“Every word of God is pure: He is a shield unto them that put their trust in Him. Add thou not unto His words, lest He reprove thee, and thou be found a liar.” (Proverbs 30:5-6)
I don’t really know what to say. Honestly, if I have some grandiose notion I have something that God hasn’t already covered through “His words”, I must be nursing a Messiah complex. Because honestly, with all the noise in the world and all the opinions and thoughts flung and flying through the atmosphere, I am going to have a hard time stringing together something that someone might be interested in to the neglect of God’s obviously stronger and more powerful thoughts and sentences. I suppose, then, that the answer to my speaking and writing what I want, doesn’t lie in Fiction, nor in the incorrect exposition of God’s thoughts, but in my story. I can’t add to God’s words if I talk about myself in relation to what He’s shown me and done for me. All I can really say is what I think and what I’ve experienced and see if somehow it mirrors that which came before–in the Bible. And then center it back on Him.
“Who is a wise man and endued with knowledge among you? let him shew out of a good conversation his works with meekness of wisdom. But if ye have bitter envying and strife in your hearts, glory not, and lie not against the truth. This wisdom descendeth not from above, but is earthly sensual, devilish. For where envying and strife is, there is confusion and every evil work.” (James 3:13-16)
A sibilant syllabus
“For the wrath of God is revealed from Heaven against all ungodliness and unrighteousness; Because that which may be known of God is manifest in them; for God hath shewed it unto them.” (Romans 1:12)
Epenthesis is where you intersperse a slight vowel sound between two consonants. For instance, when you overpronounce something for emphasis (don’t be tumescent, if you can avoid it) or when you suffer from a speech impediment. I find that I have almost the opposite when I speak. I tend to blur sounds and syllables together in a “heap of gibberish” as Calvin put it, if I don’t slow down and pronunciate* correctly, I tend to talk too fast to the possible estrangement–at least around the thoughts I’m discussing–of the hearers. And that’s not good. Paul implies in the above that God spoke clearly the first time. And that it was impossible for Him to be misunderstood. As “God is not the author of confusion” (1 Corinthians 14:33a), anything above what He originally said must flow in line for it to be fully digestible in the heart. There’s a lot to this but let’s get started. Perhaps a little epenthesis might not be a bad thing? We’ll see.
What makes the thousands upon thousands of books in the Christian section of your local bookstore any different from the sixty-six books that make up our Bible? When you think about it, a lot of what we read in modern-day Christian titles have the same few ingredients as do the biblical books. Please don’t think me heretical. You have a human author, a desire to traffic in the written word, and (hopefully–this is the kicker) the inspiration of God behind it. And without waxing too legalistic, I would say that a lot of what goes into getting a Christian book from the mind of the author to the shelves and then hands of the reader is so much packing material. I don’t honestly find much in the way of freshness or newness when I peruse the stacks for something good. It’s this way with Christian books, and it’s this way with the mind and heart of any brother or sister in Christ, whether you know them and count them a friend, or not. And whose fault is this? It’s just the way it is.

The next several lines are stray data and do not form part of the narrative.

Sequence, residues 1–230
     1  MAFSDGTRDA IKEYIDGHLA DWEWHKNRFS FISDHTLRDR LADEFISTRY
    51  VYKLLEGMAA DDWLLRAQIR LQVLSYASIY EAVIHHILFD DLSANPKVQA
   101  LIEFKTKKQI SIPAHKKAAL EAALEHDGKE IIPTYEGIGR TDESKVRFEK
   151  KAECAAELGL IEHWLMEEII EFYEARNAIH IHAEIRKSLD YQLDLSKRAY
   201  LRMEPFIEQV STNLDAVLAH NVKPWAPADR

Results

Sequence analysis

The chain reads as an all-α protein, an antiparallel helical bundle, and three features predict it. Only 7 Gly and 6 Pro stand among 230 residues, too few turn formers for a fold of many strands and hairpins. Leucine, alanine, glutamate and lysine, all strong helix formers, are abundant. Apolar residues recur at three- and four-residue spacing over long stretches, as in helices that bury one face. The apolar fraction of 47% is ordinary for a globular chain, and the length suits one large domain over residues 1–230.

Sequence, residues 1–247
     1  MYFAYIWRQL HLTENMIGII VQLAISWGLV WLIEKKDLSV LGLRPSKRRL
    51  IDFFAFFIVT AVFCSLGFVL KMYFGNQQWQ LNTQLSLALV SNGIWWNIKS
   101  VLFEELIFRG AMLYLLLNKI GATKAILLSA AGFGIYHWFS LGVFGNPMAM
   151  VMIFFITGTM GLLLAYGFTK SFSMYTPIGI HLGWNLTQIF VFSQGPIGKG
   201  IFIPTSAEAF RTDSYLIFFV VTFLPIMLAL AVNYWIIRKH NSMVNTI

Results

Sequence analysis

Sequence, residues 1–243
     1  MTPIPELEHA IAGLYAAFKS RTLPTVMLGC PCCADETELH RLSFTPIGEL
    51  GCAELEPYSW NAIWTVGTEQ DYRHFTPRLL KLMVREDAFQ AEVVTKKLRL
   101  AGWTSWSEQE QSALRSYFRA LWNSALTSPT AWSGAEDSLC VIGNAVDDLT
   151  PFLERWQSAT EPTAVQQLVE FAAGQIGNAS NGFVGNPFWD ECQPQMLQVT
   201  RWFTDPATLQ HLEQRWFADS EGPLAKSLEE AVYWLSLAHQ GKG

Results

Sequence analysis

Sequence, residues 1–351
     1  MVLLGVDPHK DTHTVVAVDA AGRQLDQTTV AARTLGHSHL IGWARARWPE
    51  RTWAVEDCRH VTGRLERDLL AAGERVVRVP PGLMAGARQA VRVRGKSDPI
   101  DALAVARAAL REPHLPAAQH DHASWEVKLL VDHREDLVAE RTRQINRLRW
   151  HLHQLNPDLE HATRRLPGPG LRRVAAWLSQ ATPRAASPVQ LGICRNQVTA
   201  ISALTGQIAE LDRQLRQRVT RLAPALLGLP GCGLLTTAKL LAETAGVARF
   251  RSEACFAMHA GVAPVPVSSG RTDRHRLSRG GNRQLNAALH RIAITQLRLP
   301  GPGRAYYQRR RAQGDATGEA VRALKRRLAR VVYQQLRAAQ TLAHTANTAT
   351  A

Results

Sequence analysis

“He said unto Him, What is written in the law? How readest thou? And he answering said, Thou shalt love the Lord thy God with all thy heart, and with all thy soul, and with all thy strength, and with all thy mind; and thy neighbour as thyself.” (Luke 10:27)
A pathetic prospectus
And if thy right hand offend thee, cut it off, and cast it from thee: for it is profitable for thee that one of thy members should perish, and not that thy whole body should be cast into hell.” (Matthew 5:29)
So, we have epenthesis, the interspersion of a little something extra to make clearer that which we’re looking to get across. You also have prothesis. Where you add an extra sound to the beginning of what you’re saying. Extrapolating it out to prosthesis and that means you’re now adding sounds to get the meter right, say, in a poem or lyric. Adding flourishes and touches here and there to your exposition and that which comes from your heart and (hopefully) from God. But as you make your art or music or in the case of words, your writing, please don’t lose sight of the substrate fact that “God is light and in Him is no darkness at all.” (1 John 1:5b) That was John speaking, the same John who had been with Jesus since the beginning. The first part of that verse says “This then is the message which we have heard of Him, and declare unto you…” You cannot say anything that hasn’t already been said. But you can let God lead you into areas and situations He alone can tailor to your needs and your heart and the individual way He created you. And if you feel led and inclined, to write from that standpoint. Anything less is the unnecessary and confusing addition of non-essentials.